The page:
German firm Buero Wagner has recently designed a little holiday house near Munich, featuring a huge pivoting window. Located next to a forest not far from Ammersee, one of Germany’s largest and most stunning lakes one hour southwest of Munich, Bavaria, the Black House stands out from its surroundings solely on account of its carbonized facade. Unlike typical detached homes, it is located between two existing houses an office building and a multifamily home. And although it directly adjoins the latter it does consciously distinguish itself from its setting, so that it is perceived as an independent building. In this manner, a further element is added to the existing heterogeneous ensemble.
What particularly makes the quality of the building is the way the topography of the plot is exploited with rooms of different heights stacked together. From the outside, this is legible in the projections that denote the terrace and basement, but also in the shape of the roof. Inside, spaces and uses form one fluid entity, overlap and consequently create a variety of spatial situations. A large cutout in the concrete structure enables the space to flow outside towards a small forest and help blur the border between inside and outside.
The spatial allocation is reduced to a kitchen with a living and dining section on the ground floor and a bedroom with an open bathroom in the basement. While the entry area with the kitchen are on a level with the attached multifamily house, the floor of the raised dining area is aligned to the plot at ground level and extends through the large opening out towards the terrace. Specifically, two pivot windows allow the north and the west facade to be almost completely opened with a free cantilever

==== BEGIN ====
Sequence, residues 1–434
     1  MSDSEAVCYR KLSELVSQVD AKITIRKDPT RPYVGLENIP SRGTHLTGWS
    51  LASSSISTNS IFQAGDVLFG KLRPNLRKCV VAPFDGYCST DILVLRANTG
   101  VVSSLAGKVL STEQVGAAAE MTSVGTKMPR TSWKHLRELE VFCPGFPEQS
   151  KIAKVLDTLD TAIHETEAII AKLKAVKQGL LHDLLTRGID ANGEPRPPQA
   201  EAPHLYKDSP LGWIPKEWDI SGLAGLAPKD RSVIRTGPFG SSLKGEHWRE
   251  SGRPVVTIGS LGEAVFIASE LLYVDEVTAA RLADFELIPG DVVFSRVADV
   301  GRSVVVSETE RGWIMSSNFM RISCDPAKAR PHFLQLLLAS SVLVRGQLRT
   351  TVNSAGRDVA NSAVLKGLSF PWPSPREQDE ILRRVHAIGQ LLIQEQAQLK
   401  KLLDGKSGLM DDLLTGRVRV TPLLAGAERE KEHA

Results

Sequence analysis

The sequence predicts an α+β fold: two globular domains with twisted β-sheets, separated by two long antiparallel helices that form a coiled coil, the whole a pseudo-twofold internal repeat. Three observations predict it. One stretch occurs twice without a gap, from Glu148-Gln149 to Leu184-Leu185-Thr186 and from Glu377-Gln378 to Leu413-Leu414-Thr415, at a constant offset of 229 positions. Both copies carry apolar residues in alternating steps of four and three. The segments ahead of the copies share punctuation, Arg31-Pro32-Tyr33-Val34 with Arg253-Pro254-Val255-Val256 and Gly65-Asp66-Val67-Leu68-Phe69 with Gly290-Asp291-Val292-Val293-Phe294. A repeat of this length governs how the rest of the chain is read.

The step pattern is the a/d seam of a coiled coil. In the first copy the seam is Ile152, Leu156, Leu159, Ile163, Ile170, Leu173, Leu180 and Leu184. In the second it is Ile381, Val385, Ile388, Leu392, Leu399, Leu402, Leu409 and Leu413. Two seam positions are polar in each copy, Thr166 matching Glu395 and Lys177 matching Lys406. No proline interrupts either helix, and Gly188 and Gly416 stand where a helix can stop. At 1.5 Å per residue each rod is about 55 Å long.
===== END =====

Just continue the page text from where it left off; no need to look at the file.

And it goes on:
of the corner. Similarly, the projection of the building can also be seen in the form of the roof; the building has a flat roof that adjoins the apartment building, while a saddle rooftops the mezzanine floor.
The shapes and materials chosen for the interior are unobtrusive. All the fittings such as kitchen, cupboards, doors and windows, but also the stairs are made of untreated, oiled oak. The panel heating system is integrated into the concrete ceilings, floors and walls, which all act as thermal energy storage. Simultaneously, this meant the floor and ceiling slabs required no further elaborate finishing. Instead, these surfaces were sanded down to make the stone pattern more visible.
The fair-face concrete walls and ceiling areas have been sandblasted. The architectural concept avoids any chemical treatment. Instead, the wooden façade has been sealed by being carbonized. The wooden boards are as a result both water-repellant and resistant to fungus. The house plays with aspects such as inside and outside, top and bottom, and due to its shape and the sparing use of materials, it has a purist and clear feel.